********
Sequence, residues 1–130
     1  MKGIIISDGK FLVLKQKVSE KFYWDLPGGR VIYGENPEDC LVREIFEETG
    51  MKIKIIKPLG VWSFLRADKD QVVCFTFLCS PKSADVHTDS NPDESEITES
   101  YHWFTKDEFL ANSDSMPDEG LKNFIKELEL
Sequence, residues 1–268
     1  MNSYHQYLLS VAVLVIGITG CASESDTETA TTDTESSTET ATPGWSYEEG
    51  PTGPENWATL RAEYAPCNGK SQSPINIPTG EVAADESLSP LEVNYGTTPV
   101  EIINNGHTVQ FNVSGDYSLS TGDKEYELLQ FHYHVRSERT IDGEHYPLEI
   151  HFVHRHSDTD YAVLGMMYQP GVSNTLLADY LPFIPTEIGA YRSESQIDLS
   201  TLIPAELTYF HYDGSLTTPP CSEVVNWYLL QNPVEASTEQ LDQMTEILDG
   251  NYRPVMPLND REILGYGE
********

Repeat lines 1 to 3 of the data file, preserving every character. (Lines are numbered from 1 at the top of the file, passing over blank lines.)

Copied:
Sequence, residues 1–130
     1  MKGIIISDGK FLVLKQKVSE KFYWDLPGGR VIYGENPEDC LVREIFEETG
    51  MKIKIIKPLG VWSFLRADKD QVVCFTFLCS PKSADVHTDS NPDESEITES